Despite widely available and effective treatments, achieving asthma control is still an unmet need for many patients. One of the explanations resides perhaps in the heterogeneity of the disease. Asthma is in fact, as we understand it today, a complex syndrome made up of numerous disease variants or asthma phenotypes; when the different underlying mechanisms are identified, the more ambitious term “endotype” is used, with consequent therapeutic implications. Remarkable efforts have been made to identify the features of difficult-to-control (usually severe) asthma, which are different from those described for mild-to-moderate asthma, setting the stage for the development of new and even individualized therapies. As different drugs target different pathways, it is necessary to determine the individual profile of pathophysiological abnormalities for each patient. The most fascinating options of the new asthma treatments are the monoclonal antibodies targeted against key inflammatory cytokines, and the most proximately available treatments within the next years are discussed here. Also, current evidence and understanding of somehow older therapeutic options, such as anticholinergics, thermoplasty, or omalizumab, are reviewed from a phenotypical approach.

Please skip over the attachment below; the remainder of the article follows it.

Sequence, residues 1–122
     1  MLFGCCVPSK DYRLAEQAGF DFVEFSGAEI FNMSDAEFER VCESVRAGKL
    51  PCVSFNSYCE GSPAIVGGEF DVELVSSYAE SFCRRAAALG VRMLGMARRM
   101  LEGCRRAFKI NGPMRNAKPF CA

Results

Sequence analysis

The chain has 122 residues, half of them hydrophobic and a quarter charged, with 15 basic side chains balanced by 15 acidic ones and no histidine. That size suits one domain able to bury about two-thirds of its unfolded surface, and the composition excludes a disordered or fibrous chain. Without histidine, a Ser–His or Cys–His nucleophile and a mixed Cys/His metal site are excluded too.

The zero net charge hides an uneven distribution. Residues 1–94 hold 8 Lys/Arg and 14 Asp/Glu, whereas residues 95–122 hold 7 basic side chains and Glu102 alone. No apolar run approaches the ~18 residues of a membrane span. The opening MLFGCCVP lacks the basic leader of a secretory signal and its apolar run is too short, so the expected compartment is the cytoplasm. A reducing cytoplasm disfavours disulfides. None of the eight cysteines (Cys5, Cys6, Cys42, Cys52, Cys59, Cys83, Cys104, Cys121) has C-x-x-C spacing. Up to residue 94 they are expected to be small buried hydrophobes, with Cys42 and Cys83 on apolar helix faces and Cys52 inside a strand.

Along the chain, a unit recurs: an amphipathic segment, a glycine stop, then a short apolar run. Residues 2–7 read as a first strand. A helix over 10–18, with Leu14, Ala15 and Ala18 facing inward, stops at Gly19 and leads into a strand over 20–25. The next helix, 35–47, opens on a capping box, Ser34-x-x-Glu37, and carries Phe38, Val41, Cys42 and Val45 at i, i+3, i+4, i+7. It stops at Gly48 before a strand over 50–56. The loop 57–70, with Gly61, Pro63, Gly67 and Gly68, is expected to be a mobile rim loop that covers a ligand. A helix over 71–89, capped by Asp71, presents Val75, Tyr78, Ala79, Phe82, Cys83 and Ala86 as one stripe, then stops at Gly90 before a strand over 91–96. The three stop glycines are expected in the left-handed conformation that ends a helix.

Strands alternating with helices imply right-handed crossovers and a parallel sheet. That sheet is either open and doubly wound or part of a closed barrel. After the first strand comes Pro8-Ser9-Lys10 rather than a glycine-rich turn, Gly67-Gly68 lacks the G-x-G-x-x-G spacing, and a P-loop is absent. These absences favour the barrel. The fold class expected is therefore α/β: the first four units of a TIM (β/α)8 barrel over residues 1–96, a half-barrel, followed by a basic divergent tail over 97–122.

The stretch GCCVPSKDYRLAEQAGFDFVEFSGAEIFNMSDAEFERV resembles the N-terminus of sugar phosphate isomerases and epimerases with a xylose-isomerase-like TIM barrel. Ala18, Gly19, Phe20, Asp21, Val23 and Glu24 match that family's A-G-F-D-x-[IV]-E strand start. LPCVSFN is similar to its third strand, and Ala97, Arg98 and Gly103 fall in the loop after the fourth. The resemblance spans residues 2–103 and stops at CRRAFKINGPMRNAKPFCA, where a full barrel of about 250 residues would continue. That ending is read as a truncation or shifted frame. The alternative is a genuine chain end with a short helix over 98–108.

Part of the book: Asthma
Eosinophilic granulomatosis with polyangiitis (EGPA) is a rare type of anti-neutrophil cytoplasm antibody-associated vasculitis (AAV) with unique features, such as involvement of eosinophils in the pathogenesis, which requires different therapies from those used for other AAV. Conventional treatment includes glucocorticoids (GC) and immunosuppressants. GC are the cornerstone of the initial treatment of EGPA, but relapses are frequent. Cyclophosphamide is typically used in combination with GC for patients with life- and/or organ-threatening disease manifestations. Azathioprine and methotrexate are recommended to maintain remission after induction with cyclophosphamide or as a GC-sparing agent. Nowadays, a better comprehension of the physiopathology of EGPA has opened new therapeutic targets, such as interleukin-5, which has a key role in the refractory disease, relapses, and GC dependence, especially for asthma manifestations. Mepolizumab is the first anti-IL5 antibody approved to treat EGPA. Another anti-IL5 monoclonal antibody, reslizumab, and an anti-IL5 receptor monoclonal antibody, benralizumab, are now being investigated for EGPA.
Part of the book: Cells of the Immune System